[Ed. – One for the good guys.]
[National Review] filed a records request in Nevada after discovering eleven name-matches between Nevada Obamacare navigators and criminal defendants in the court database. But without more information, it was impossible to verify an identity match.
Navigators have access to confidential information about enrollees, including Social Security numbers, home addresses, and financial information. Health and Human Services secretary Kathleen Sebelius told Congress last year it was “possible” that felons are now working as Obamacare navigators, prompting concerns about consumer privacy and identity theft.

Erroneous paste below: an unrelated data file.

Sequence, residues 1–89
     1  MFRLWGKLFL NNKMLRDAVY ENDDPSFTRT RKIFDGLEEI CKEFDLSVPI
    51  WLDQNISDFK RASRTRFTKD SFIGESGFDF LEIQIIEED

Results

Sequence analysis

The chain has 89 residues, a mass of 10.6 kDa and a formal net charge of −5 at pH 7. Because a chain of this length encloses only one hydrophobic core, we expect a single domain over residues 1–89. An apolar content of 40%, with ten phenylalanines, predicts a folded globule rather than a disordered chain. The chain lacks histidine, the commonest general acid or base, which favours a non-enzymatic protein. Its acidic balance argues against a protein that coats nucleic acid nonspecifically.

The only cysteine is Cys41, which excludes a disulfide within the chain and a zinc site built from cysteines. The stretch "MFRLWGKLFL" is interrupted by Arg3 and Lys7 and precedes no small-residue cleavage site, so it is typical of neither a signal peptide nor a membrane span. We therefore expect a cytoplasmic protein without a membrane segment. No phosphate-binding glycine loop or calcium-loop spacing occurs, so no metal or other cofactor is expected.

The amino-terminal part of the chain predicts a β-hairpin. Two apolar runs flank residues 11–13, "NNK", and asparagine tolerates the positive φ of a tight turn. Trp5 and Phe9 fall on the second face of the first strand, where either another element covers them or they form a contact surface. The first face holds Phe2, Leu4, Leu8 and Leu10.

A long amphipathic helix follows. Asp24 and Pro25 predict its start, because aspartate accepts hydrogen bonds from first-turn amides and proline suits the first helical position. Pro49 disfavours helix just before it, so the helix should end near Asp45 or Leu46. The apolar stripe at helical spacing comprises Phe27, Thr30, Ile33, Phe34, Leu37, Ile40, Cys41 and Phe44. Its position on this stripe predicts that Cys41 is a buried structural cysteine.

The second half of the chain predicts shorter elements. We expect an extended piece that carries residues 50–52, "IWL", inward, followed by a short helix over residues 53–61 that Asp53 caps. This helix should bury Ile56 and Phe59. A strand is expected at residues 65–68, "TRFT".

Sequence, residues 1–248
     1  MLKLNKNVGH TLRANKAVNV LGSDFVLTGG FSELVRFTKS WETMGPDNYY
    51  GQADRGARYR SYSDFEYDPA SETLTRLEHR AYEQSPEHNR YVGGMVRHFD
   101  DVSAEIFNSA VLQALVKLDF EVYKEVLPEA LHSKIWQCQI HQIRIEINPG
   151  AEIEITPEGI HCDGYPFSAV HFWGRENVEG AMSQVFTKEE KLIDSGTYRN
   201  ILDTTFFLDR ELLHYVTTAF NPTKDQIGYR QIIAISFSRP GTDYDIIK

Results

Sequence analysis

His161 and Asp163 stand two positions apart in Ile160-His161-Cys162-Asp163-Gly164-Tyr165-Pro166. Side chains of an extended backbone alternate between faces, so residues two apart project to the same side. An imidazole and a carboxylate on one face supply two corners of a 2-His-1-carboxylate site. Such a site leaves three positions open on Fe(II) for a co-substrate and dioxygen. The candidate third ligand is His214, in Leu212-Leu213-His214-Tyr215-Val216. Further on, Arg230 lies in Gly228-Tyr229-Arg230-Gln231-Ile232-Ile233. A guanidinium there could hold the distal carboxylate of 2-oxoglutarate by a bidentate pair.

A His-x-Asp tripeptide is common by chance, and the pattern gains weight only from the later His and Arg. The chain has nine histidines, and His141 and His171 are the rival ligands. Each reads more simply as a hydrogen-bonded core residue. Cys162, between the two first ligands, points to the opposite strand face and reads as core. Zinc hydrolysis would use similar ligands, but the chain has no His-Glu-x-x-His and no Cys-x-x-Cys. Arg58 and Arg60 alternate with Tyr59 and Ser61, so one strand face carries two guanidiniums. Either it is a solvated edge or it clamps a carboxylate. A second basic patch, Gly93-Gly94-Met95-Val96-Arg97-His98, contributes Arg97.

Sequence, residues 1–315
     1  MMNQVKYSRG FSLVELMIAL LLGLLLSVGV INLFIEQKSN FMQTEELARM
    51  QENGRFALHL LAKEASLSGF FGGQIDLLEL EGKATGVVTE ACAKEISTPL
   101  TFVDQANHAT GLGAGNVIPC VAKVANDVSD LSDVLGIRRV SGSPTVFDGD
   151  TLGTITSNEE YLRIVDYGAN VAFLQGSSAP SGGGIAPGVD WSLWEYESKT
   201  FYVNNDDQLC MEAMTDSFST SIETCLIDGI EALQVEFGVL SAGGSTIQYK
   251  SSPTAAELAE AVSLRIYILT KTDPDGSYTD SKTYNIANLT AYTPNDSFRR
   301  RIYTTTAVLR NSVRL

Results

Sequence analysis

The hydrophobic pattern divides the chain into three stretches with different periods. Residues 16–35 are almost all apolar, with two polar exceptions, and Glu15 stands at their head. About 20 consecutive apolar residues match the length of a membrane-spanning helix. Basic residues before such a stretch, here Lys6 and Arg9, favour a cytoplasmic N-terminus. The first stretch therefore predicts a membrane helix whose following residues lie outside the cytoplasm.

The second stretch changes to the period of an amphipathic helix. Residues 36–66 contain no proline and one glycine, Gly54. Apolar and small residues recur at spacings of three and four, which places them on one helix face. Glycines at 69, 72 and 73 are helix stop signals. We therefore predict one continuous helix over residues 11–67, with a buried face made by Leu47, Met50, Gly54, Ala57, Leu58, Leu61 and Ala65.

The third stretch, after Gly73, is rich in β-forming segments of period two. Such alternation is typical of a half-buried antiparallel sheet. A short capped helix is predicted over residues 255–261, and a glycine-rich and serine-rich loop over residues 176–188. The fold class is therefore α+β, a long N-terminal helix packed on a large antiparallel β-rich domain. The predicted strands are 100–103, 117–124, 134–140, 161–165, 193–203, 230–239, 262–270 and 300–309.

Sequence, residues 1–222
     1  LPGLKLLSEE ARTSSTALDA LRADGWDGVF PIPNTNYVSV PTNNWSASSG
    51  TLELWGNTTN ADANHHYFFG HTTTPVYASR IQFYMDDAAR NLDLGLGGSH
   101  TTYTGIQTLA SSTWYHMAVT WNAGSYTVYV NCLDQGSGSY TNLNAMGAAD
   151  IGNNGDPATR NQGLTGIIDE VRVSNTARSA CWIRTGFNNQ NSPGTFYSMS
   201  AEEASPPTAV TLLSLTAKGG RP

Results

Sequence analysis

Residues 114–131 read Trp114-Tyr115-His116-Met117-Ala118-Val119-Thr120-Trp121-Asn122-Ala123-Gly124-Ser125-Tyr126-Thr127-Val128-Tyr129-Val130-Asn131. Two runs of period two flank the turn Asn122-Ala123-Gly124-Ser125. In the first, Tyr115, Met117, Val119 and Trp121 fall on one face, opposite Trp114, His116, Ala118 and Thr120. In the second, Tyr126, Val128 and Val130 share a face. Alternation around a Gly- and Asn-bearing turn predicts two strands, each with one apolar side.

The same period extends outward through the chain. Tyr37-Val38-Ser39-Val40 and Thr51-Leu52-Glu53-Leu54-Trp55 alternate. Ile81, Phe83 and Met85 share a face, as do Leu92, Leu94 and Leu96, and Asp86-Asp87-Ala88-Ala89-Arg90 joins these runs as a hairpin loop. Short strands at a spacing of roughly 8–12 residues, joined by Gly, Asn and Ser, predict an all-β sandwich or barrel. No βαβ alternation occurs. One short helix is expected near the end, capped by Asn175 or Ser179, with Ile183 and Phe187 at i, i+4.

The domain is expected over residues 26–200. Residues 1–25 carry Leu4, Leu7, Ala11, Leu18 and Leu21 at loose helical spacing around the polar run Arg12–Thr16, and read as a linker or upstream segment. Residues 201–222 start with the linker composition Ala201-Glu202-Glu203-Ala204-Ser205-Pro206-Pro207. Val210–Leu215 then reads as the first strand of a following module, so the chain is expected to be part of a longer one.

Nevada’s Division of Insurance was uncooperative from the start of this reporter’s inquiries. For example, public information officer Jake Sunderland told me it would be “inappropriate” to identify which statute or policy determines whether the Division of Insurance can approve the application of a navigator with a criminal history. When I pressed him on why it would be “inappropriate,” he hung up on me.
In a sworn statement, Sunderland concedes he hung up on me, though he claims I “became hostile” and “continued to be belligerent.” In fact I was simply firm in requesting an answer from a public information officer whose job is to provide information to the public.
The Nevada Division of Insurance also deployed some odd legal tactics in its attempt to keep these records from the public.